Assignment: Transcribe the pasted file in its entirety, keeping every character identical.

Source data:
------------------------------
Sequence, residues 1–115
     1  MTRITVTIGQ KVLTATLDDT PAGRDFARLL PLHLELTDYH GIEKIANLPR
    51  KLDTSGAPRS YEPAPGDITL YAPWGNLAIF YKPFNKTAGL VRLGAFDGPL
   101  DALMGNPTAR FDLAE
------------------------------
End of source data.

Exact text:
Sequence, residues 1–115
     1  MTRITVTIGQ KVLTATLDDT PAGRDFARLL PLHLELTDYH GIEKIANLPR
    51  KLDTSGAPRS YEPAPGDITL YAPWGNLAIF YKPFNKTAGL VRLGAFDGPL
   101  DALMGNPTAR FDLAE